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Web intervention might cut primary care attendance for colds

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An online intervention featuring real-time information on locally circulating viruses may help reduce visits to GP practices for children with coughs and colds, suggests a study by UK researchers.

The intervention, which also features information on providing care at home, has shown potential in reducing the likelihood of parents taking a child to their GP practice for a respiratory tract infection.

“The intervention was effective in reducing primary care attendance intentions”

Study authors

The study authors, from London and Bristol, noted that respiratory tract infections are one of the main reasons for primary care consultation for children.

“These consultations contribute to primary care clinicians’ increasing workload and cost the National Health Service £31.5m per year,” they said.

They added that such visits to primary care for respiratory tract infections could also lead to unnecessary antibiotic prescribing, therefore, promoting resistance.

As a result, they set out to assess the potential impact on parents’ behaviour of an online intervention with real-time information on locally circulating viruses.

The intervention included locally enhanced influenza statistics, symptom information, and home-care advice.

A representative sample of 806 mothers was randomised to receive the intervention, either before or after responding to a hypothetical respiratory tract infection illness scenario.

Participants in the first group had lower intentions to visit their GP practice than those in the after, or control, group when adjusted for demographic and clinical characteristics.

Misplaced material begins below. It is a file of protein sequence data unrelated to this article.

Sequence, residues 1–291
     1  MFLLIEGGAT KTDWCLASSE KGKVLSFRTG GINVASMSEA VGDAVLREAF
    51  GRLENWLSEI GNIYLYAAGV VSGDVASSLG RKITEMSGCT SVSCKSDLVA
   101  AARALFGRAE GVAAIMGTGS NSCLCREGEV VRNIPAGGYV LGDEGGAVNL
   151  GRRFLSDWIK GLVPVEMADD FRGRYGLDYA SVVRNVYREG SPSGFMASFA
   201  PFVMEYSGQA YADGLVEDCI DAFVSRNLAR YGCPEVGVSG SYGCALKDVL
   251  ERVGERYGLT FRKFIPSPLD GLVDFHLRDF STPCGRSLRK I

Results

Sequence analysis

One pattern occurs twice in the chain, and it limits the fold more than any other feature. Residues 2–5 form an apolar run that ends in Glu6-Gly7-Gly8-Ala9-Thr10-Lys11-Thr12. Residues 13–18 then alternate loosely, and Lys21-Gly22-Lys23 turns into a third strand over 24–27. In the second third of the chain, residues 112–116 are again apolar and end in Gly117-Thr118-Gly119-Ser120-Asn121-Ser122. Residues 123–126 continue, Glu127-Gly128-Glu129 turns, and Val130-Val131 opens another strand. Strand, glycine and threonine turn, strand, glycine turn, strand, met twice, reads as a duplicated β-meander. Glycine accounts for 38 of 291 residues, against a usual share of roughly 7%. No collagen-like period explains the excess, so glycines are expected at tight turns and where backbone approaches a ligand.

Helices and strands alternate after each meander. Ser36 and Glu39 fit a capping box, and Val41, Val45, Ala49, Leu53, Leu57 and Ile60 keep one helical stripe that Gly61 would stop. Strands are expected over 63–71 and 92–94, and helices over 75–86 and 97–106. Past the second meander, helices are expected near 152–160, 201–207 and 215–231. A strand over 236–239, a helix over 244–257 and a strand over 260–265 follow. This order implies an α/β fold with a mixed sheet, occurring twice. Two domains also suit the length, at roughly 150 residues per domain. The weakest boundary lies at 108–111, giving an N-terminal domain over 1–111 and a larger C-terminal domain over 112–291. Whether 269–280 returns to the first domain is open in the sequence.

The mean average intention to attend score was 7.29, with the before group reporting lower attendance intentions (6.45) than the after group (8.12).

The intervention material was “generally well received”, said the researchers, with information on symptoms and when to visit their GP rated as more important than that on locally circulating viruses.

They said: “The intervention was effective in reducing primary care attendance intentions by increasing knowledge, lowering attendance motivation, and reducing the need for additional resources.”

The information provided by the intervention “would be particularly helpful for first-time parents and parents of young children”, suggested the researchers.

In addition, they highlighted that some of the parents were interested in regularly checking the website to monitor circulating viruses.

As a result, they said the intervention “could also be used in an effort to prevent infections by heightening awareness of circulating viruses, and increasing the promotion of hand hygiene and other infection-prevention techniques”.

“Accessing the information with primary care clinicians during consultations was also seen as acceptable and could help publicise the intervention,” they stated.

If the intervention were rolled out widely, the study authors suggested it would have impact, given the high rates at which parents of children with respiratory tract infections visit primary care.

They also highlighted that increasing smartphone use meant that web-based resources were accessible to people from all socioeconomic backgrounds.

The authors called for future research to evaluate intervention effects on observed behavioural outcomes in real-world settings and to examine long-term effects and cost-effectiveness.

“The contribution of individual intervention components and effects on behavioral outcomes requires further testing,” they added.

The findings from the study, funded by the National Institute for Health Research and Public Health England, have been published this week in the American Academy of Family Physicians.

 

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